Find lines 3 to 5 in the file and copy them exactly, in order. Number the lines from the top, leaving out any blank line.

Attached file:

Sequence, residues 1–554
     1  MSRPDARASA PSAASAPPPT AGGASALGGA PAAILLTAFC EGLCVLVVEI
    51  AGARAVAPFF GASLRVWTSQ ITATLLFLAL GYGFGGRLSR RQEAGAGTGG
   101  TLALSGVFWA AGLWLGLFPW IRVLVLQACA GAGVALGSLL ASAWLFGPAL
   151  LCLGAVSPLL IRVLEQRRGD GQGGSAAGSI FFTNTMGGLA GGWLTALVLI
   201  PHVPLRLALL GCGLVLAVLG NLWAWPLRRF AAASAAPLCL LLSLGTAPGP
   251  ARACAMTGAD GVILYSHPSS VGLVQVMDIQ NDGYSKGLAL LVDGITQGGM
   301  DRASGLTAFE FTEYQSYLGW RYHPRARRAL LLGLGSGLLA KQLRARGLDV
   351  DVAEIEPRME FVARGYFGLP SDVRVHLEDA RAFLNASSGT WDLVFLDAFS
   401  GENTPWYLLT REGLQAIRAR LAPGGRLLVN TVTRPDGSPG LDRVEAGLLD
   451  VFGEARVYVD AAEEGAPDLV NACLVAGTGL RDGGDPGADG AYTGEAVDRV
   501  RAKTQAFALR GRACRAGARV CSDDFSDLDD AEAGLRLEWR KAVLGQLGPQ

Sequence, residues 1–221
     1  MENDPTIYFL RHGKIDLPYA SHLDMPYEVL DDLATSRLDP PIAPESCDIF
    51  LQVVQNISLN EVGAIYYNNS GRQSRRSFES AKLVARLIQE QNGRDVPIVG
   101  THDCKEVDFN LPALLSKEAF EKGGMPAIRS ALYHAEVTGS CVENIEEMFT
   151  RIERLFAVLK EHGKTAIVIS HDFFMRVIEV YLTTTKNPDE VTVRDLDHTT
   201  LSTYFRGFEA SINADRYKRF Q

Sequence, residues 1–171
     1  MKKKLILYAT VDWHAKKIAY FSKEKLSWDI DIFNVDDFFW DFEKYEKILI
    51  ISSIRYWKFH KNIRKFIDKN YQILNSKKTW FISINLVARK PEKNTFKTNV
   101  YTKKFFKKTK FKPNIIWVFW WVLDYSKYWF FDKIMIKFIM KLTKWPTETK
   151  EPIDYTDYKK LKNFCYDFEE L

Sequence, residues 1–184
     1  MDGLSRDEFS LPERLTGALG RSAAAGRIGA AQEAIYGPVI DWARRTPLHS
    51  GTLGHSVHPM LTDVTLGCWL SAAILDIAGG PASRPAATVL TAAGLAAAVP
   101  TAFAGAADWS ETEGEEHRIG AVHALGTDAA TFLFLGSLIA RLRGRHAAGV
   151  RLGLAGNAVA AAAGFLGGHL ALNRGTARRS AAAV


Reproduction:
    51  AGARAVAPFF GASLRVWTSQ ITATLLFLAL GYGFGGRLSR RQEAGAGTGG
   101  TLALSGVFWA AGLWLGLFPW IRVLVLQACA GAGVALGSLL ASAWLFGPAL
   151  LCLGAVSPLL IRVLEQRRGD GQGGSAAGSI FFTNTMGGLA GGWLTALVLI